Baskervill said the victim was 13 at the time of the offense.

The prosecutor added that Jimenez represented himself as a law enforcement officer to the victim, and his position of authority is an element of “intimidation” that establishes the offense of sexual battery.

“Everyone is equal under the law,” Baskervill said in a statement. “The very concept of the rule of law means that the law applies to everyone, including law enforcers, lawmakers, everyone. Seeking justice, including by respecting the rule of law, is the highest priority and obligation of every prosecutor.”

“In learning of these indictments, I hope citizens will see these principles in action,” Baskervill added. “I hope news of these indictments will affirm that citizens can and should trust and have confidence in the systems they rely upon for protection, public safety and justice. Unfortunately, as here, we cannot always prevent tragedy and wrongdoing. But we can, and we do, and we will, work and fight for what is right and for justice to prevail.”

Jimenez is being held in the Meherrin River Regional Jail pending a hearing in Dinwiddie Juvenile and Domestic Relations District Court.

http://www.richmond.com/news/local/crime/dinwiddie-deputy-charged-with-sexually-abusing–year-old-girl/article_bf7ba171-930b-5303-b6e7-330214cec27a.html?platform=hootsuite

Charles County Sheriff’s Deputy Arrested for Possession of Child Pornography

Charles County Sheriff’s Deputy Alexander C. Sullivan, age 37, of King George, Virginia, has been charged federally with possession of child pornography.

https://i1.wp.com/www.wusa9.com/img/resize/content.wusa9.com/photo/2016/11/22/Alexander%20Sullivan-2_1479848291201_7099646_ver1.0.jpg

The federal criminal complaint was filed on November 21, 2016 and Sullivan was arrested that evening. Sullivan is expected to have an initial appearance in U.S. District Court in Greenbelt at 3:00 p.m. today, before U.S. Magistrate Judge William Connelly.

The criminal complaint was announced by United States Attorney for the District of Maryland Rod J. Rosenstein; Special Agent in Charge Andre R. Watson of U.S. Immigration and Customs Enforcement’s (ICE) Homeland Security Investigations (HSI); and Charles County Sheriff Troy Berry.

According to the affidavit filed in support of the criminal complaint, the National Center for Missing and Exploited Children (NCMEC) received four tips from a company that provides cloud security concerning suspected child pornography being uploaded to a specific telephone number in October and November 2016. An officer from the Charles County Sheriff’s Department conducted a search on the telephone number and determined that it belonged to Alexander Sullivan of Indian Head, Maryland. The officer recognized Sullivan’s name and telephone number as belonging to a fellow officer. Sullivan had resided in Indian Head prior to recently relocating to Virginia.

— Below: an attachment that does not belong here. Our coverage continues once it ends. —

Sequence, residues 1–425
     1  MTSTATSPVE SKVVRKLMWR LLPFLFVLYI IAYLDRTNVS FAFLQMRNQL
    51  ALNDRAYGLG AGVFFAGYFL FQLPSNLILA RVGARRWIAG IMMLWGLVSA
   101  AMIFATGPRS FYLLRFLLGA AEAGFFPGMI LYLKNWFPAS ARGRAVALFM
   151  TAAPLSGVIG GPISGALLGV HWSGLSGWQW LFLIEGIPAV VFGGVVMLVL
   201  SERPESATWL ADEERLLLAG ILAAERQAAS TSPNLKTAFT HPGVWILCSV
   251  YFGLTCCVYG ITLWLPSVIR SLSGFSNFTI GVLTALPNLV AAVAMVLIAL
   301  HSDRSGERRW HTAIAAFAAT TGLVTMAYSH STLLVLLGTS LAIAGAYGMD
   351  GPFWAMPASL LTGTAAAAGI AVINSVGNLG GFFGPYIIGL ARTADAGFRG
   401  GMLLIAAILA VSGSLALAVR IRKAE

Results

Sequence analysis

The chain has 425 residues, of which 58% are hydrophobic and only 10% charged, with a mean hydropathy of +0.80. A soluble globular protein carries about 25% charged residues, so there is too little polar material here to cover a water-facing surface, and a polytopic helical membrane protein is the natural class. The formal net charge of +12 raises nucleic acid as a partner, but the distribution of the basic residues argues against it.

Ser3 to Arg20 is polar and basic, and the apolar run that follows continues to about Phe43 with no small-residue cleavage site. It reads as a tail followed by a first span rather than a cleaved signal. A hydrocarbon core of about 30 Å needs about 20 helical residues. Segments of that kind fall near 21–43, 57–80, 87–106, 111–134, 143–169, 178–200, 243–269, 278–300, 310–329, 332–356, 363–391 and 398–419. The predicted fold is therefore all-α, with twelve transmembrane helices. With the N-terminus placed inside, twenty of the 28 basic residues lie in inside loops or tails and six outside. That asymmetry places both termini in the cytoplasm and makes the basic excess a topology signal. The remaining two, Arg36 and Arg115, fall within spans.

A state search warrant for Sullivan and his telephone was executed in Charles County on November 17, 2016. A preview of the materials on the phone allegedly revealed more than 200 images and five videos containing child pornography. The forensic investigation is ongoing.

If convicted, Sullivan faces a maximum sentence of 10 years in prison for possession of child pornography.

A criminal complaint is not a finding of guilt. An individual charged by criminal complaint is presumed innocent unless and until proven guilty at some later criminal proceedings.

This case was brought as part of Project Safe Childhood, a nationwide initiative launched in May 2006 by the Department of Justice to combat the growing epidemic of child sexual exploitation and abuse. Led by the United States Attorneys’ Offices and the Criminal Division’s Child Exploitation and Obscenity Section, Project Safe Childhood marshals federal, state, and local resources to locate, apprehend, and prosecute individuals who sexually exploit children, and to identify and rescue victims. For more information about Project Safe Childhood, please visit http://www.justice.gov/psc. For more information about internet safety education, please visit http://www.justice.gov/psc and click on the “resources” tab on the left of the page.

United States Attorney Rod J. Rosenstein commended HSI Baltimore, and the Charles County Sheriff’s Office for their work in the investigation. Mr. Rosenstein thanked Assistant U.S. Attorneys Joseph R. Baldwin and Kristi N. O’Malley, who are prosecuting the federal case.

http://smnewsnet.com/archives/411958/charles-county-sheriffs-deputy-arrested-for-possession-of-child-pornography/?platform=hootsuite

Commonwealth Attorney: Disabled man’s death ruled an accident

FALLS CHURCH, VA. (WUSA9) – The death of a 45-year-old group home patient, who died during a struggle with a police officer after he wandered off from a group home outing, has been ruled an accident, the Commonwealth’s Attorney Raymond Morrogh said Thursday.

Fairfax Police had ruled the death accidental in August.

PREVIOUSInvestigation continues into disabled man’s death

In April, police said Paul Gianelos wandered away from his group during a visit to Round Tree Park in Falls Church. When the group leader realized Gianelos wandered away, they called 911.

According to police, two officers spotted Gianelos, but when they tried to get Gianelos in their vehicle, there was a struggle. He later died at Inova Fairfax Hospital.

The 45-year-old’s family says Gianelos was profoundly autistic and did not speak.

Friday, an autopsy report stated that his manner of death was an accident.

 

http://www.wusa9.com/news/local/falls-church/disabled-mans-death-ruled-an-accident/288396647?utm_campaign=trueAnthem:%20Trending%20Content&utm_content=57a5c33104d30166f0290658&utm_medium=trueAnthem&utm_source=twitter